The recent renaissance in Romanian cinema has been built upon the ability to find extraordinary drama in the everyday lives of ordinary people, and Radu Muntean's Tuesday, After Christmas is yet another remarkable offering from this country's new wave. What makes this film one of the most notable achievements in recent Romanian cinema is that it is less preoccupied with the lingering effects of the Ceauşescu regime and instead more interested in telling a story about people who could live in any western country. The film opens with a shot of a naked couple in bed. Paul (Mimi Branescu) is a middle-aged, greying man; Raluca (Maria Popistasu) is blonde, pretty and quite a few years younger than her partner. As we watch them in their post-coital happiness, we are instantly struck by the easy, playful intimacy that exists in their relationship.
They are not a couple, however. Paul is in fact married to Adriana (Mirela Oprisor), with whom he has an eight year-old daughter, and as soon as we discover this fact we are simply waiting for Paul's infidelity to be revealed. That sense of anticipation is where the film's dramatic tension is drawn from, but the engrossing effect of Tuesday, After Christmas is unusual because very little happens in the film that could be described as typically dramatic. After that opening sequence, in which Paul and Raluca kiss, joke around and talk about their forthcoming plans, the next scene shows us Paul and his wife in the midst of Christmas shopping. They try to pick out a snowboard for their daughter (who is currently going through a "pink phase"), they try on boots and a jumper, and they generally act the way married couples do. The dialogue is naturalistic and revolves around mundane things, while the performers have the rare, precious ability to act as if nobody at all is watching.
This is the great strength of Tuesday, After Christmas. It creates a sense of life so commonplace and familiar we feel as if we have intruded into the world these characters inhabit. Muntean lets the film unfold in unhurried single takes, his camera maintaining a fixed distance and allowing the characters to wander around the frame, and through observing them in their day-to-day activities we come to know them as complex, real individuals. Muntean doesn't adopt a stance in his depiction of this love triangle, he doesn't paint Paul as a cad for his behaviour or Raluca as a homewrecker, they are simply people who have found themselves in a difficult, emotionally charged situation. There is still love between Paul and Adriana – we see it in the way he rubs her feet after a long day, or when she cuts his hair – but perhaps what he feels for Raluca is real love as well? Branescu is astonishing as a man trying to process these conflicting feelings and consumed by a deep sense of shame for the manner in which he has hoodwinked his wife for so many months.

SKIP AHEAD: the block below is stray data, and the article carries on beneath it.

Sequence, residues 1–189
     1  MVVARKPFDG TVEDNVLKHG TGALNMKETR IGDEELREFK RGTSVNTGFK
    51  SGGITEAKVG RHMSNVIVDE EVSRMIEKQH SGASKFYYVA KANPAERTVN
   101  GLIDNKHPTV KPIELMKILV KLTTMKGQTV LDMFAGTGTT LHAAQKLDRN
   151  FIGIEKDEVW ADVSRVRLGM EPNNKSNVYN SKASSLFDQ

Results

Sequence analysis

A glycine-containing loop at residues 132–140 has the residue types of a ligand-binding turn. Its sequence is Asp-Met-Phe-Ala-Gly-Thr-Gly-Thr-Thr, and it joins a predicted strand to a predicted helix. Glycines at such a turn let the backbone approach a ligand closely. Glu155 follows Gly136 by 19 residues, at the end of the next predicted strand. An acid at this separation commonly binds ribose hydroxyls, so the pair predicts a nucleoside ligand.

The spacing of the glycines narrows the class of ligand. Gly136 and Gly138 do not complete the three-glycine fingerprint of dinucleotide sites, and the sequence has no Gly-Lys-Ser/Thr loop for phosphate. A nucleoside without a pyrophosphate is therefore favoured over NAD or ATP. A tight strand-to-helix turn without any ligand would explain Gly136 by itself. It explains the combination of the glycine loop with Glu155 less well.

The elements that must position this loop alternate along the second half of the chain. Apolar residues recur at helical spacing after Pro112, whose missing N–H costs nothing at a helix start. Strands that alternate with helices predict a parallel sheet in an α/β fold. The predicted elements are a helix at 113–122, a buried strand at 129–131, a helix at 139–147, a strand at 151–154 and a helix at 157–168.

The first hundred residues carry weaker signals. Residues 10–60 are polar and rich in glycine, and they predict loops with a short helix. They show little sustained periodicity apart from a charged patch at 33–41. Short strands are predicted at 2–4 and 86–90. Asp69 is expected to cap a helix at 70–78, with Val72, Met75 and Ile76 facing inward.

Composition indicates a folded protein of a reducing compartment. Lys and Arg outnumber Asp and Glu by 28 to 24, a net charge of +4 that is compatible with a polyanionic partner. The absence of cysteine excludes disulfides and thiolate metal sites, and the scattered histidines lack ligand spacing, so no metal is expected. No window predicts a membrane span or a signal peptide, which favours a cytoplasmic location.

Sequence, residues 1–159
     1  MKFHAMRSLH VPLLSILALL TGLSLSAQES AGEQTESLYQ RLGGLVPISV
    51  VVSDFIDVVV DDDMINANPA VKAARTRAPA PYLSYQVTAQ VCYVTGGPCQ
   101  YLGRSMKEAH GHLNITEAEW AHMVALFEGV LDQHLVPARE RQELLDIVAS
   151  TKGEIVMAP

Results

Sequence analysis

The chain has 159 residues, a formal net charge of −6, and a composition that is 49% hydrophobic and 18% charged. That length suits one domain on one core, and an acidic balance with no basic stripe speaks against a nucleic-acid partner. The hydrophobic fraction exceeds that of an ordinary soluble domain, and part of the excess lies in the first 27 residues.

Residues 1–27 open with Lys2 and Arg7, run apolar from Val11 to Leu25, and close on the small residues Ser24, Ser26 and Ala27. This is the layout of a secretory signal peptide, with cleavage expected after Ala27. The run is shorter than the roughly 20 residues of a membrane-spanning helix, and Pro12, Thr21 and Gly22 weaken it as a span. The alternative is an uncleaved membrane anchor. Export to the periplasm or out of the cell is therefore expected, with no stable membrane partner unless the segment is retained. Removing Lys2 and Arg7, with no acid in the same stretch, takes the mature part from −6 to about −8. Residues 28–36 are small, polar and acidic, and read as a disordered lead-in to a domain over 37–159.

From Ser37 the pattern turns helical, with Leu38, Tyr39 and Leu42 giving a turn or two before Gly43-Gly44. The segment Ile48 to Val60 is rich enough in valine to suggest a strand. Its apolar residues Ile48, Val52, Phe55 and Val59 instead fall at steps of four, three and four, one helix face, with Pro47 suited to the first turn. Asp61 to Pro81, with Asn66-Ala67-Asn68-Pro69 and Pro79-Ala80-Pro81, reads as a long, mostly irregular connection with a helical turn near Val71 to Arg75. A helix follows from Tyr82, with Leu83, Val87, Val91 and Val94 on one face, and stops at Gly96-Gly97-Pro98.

Muntean takes his time to drop the revelatory dramatic bombs we expect, confident in the strength of his writing and the ability of his actors to hold our attention through seemingly inconsequential encounters. There is a simmering threat of an eruption in some scenes, particularly when Raluca and Adriana finally meet, with Adriana seeing this young woman as their daughter's dentist and nothing more while Paul awkwardly stands in the background, suppressing his gnawing guilt. That sense of guilt finally leads to him confessing to his wife, and the scene that follows – an unbroken take of more than ten minutes – is a masterclass in acting, with Oprisor providing a devastating portrayal of a woman watching her marriage of ten years crumble around her. She attacks Paul with a righteous fury and attempts to hold back her confused tears, but above all she feels let down by her man, and Opriso's delivery of the line "you are my biggest disappointment ever" is a killer blow.
Tuesday, After Christmas is a sad film but it's also an invigorating one, having been made with such intelligence and insight, and feeling so richly authentic. So many films dealing with the breakup of a marriage or the revelation of infidelity feel the need for hysteria and melodrama, but Tuesday, After Christmas just gives us a painful portrait of people dealing with real circumstances as best they can. We don't know what the future will hold for Paul and Raluca, for Adriana, and for their daughter Mara, but the strain shows as we leave them playing happy families for one last Christmas.